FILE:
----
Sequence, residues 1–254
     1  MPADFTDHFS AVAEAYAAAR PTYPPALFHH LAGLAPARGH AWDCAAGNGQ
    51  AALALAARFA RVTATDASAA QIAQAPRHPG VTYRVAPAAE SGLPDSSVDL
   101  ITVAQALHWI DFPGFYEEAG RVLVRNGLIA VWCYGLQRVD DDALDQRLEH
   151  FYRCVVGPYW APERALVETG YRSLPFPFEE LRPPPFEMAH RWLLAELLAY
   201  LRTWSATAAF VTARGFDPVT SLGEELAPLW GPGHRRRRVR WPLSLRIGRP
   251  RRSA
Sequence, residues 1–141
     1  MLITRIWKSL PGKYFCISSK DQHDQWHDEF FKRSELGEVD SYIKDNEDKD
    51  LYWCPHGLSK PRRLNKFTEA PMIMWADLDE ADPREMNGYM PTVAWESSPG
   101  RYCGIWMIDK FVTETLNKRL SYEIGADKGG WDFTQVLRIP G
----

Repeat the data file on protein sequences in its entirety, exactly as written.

Sequence, residues 1–254
     1  MPADFTDHFS AVAEAYAAAR PTYPPALFHH LAGLAPARGH AWDCAAGNGQ
    51  AALALAARFA RVTATDASAA QIAQAPRHPG VTYRVAPAAE SGLPDSSVDL
   101  ITVAQALHWI DFPGFYEEAG RVLVRNGLIA VWCYGLQRVD DDALDQRLEH
   151  FYRCVVGPYW APERALVETG YRSLPFPFEE LRPPPFEMAH RWLLAELLAY
   201  LRTWSATAAF VTARGFDPVT SLGEELAPLW GPGHRRRRVR WPLSLRIGRP
   251  RRSA
Sequence, residues 1–141
     1  MLITRIWKSL PGKYFCISSK DQHDQWHDEF FKRSELGEVD SYIKDNEDKD
    51  LYWCPHGLSK PRRLNKFTEA PMIMWADLDE ADPREMNGYM PTVAWESSPG
   101  RYCGIWMIDK FVTETLNKRL SYEIGADKGG WDFTQVLRIP G